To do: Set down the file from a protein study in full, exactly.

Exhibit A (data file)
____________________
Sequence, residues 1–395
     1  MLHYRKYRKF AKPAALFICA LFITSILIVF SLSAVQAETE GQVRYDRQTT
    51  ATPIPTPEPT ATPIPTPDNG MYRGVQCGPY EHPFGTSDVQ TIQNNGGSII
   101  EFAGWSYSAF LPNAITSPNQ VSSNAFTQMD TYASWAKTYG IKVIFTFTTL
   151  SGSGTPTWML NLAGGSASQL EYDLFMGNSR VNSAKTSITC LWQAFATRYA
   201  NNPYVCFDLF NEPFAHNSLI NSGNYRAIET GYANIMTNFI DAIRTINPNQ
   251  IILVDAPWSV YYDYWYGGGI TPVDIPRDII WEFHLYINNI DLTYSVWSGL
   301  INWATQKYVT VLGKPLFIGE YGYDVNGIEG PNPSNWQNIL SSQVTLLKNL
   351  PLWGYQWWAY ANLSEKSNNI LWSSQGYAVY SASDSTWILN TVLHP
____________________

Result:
Sequence, residues 1–395
     1  MLHYRKYRKF AKPAALFICA LFITSILIVF SLSAVQAETE GQVRYDRQTT
    51  ATPIPTPEPT ATPIPTPDNG MYRGVQCGPY EHPFGTSDVQ TIQNNGGSII
   101  EFAGWSYSAF LPNAITSPNQ VSSNAFTQMD TYASWAKTYG IKVIFTFTTL
   151  SGSGTPTWML NLAGGSASQL EYDLFMGNSR VNSAKTSITC LWQAFATRYA
   201  NNPYVCFDLF NEPFAHNSLI NSGNYRAIET GYANIMTNFI DAIRTINPNQ
   251  IILVDAPWSV YYDYWYGGGI TPVDIPRDII WEFHLYINNI DLTYSVWSGL
   301  INWATQKYVT VLGKPLFIGE YGYDVNGIEG PNPSNWQNIL SSQVTLLKNL
   351  PLWGYQWWAY ANLSEKSNNI LWSSQGYAVY SASDSTWILN TVLHP